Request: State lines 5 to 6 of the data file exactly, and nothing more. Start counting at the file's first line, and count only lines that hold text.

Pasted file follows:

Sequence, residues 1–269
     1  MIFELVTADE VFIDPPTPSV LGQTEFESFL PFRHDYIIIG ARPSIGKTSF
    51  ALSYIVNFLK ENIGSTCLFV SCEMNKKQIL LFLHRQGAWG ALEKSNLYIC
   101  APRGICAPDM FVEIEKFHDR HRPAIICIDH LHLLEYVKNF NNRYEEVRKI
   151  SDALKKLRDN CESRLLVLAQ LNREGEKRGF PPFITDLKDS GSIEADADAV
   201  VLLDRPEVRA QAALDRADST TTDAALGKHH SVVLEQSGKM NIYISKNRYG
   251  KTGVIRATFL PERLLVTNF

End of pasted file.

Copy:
   151  SDALKKLRDN CESRLLVLAQ LNREGEKRGF PPFITDLKDS GSIEADADAV
   201  VLLDRPEVRA QAALDRADST TTDAALGKHH SVVLEQSGKM NIYISKNRYG